Aniki Bóbó:

This thoughtful film by Porto’s own Manoel de Oliveira is seen as one of the first examples of Italian neorealism within European film. It takes us all the way back to the beginning of the Portuguese Golden Age of film.

The story is about a small group of kids who hang out on the banks of the Douro river in northern Portugal. There is a love triangle between the gang’s new member, the boss, and the only girl there, Terezinha.

By using child actors throughout, Oliveira is able to attack modern politics, morals, and other things like that. This lets viewers ask questions about these complicated topics through the simple lens of youth as well as childhood.

The Mutants:

Tessa Villaverde’s third movie as a director and actor was a sad story about homeless teens in Lisbon who have been kicked out of the criminal system. Three main young characters Andrea, Pedro, and Ricardo make up the story.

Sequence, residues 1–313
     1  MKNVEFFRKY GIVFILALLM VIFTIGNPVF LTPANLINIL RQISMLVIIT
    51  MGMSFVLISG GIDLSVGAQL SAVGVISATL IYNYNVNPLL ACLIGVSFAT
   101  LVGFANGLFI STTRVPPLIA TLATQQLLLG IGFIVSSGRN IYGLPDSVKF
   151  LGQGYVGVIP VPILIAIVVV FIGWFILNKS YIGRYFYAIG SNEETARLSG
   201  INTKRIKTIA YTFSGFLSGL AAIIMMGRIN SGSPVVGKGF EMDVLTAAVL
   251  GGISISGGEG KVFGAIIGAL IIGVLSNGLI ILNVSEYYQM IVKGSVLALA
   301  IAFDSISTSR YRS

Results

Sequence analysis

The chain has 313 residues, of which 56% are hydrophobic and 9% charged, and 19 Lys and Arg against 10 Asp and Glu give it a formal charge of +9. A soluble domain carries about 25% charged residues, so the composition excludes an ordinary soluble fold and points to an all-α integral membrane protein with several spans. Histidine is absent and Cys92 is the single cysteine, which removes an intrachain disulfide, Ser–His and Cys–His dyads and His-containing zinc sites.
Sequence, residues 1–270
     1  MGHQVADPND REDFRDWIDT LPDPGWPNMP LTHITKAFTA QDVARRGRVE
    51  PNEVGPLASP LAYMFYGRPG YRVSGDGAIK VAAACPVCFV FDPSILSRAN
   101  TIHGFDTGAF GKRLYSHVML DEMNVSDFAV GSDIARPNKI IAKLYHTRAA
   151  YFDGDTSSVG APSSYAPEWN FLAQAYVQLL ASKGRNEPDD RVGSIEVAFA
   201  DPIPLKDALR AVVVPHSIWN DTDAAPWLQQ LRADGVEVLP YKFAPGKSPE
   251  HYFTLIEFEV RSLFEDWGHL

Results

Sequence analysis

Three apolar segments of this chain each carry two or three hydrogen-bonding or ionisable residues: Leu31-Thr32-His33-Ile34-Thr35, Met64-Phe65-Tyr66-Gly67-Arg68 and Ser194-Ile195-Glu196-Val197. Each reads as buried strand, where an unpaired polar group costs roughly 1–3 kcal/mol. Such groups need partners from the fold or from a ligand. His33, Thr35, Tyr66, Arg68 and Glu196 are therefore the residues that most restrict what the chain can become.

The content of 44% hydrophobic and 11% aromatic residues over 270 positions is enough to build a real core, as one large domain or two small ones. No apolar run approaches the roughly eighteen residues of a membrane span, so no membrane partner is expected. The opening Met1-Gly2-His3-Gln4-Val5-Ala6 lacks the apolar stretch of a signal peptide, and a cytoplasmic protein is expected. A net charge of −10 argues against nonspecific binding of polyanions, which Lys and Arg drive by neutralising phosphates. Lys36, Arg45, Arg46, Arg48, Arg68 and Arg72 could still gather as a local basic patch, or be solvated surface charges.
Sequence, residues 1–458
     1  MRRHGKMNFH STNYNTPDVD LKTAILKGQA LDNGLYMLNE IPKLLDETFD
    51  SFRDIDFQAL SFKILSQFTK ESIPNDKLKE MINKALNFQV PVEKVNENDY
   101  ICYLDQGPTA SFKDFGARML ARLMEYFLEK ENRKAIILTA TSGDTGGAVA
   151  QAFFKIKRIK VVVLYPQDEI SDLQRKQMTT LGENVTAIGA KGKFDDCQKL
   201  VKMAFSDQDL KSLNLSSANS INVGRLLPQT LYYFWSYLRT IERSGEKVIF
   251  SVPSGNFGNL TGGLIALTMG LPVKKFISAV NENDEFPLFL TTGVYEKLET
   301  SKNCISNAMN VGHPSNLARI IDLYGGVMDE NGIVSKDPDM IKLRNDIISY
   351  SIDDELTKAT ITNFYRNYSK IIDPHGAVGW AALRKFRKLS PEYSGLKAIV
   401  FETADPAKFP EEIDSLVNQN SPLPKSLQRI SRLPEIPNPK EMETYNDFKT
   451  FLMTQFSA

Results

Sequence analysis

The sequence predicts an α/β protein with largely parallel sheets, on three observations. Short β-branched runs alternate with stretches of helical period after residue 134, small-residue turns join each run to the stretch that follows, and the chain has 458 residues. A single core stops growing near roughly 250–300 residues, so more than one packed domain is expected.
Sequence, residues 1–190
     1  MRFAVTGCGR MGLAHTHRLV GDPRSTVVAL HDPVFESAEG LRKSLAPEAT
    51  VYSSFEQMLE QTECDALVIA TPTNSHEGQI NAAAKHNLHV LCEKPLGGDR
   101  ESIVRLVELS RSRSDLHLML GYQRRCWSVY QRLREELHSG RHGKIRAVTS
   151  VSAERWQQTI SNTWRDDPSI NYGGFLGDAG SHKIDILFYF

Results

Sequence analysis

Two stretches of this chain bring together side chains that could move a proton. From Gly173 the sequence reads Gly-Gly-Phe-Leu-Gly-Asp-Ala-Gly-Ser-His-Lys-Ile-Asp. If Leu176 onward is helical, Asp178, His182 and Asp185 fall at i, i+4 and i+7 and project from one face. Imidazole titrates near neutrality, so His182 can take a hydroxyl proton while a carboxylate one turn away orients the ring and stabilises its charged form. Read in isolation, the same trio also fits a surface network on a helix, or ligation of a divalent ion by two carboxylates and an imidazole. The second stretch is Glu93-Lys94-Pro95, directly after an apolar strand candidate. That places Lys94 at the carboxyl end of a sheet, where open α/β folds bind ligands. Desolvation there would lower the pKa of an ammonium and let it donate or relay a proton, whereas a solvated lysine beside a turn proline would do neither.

As teens, they have to deal with the tough world where everyone is out to get them. A well-known Portuguese actor named Ana Moreira makes her starring debut in this movie. The story is driven by her captivating acting as Andreia.

Teenagers’ lives are brought to life by Tessa Villaverde with a lot of honesty and grit. In any case, she does not allow the story to turn into sad porn.In Cannes, The Mutants was shown in the “Un Certain Regard” block. People all over the country talked about how to help homeless teens after seeing the movie.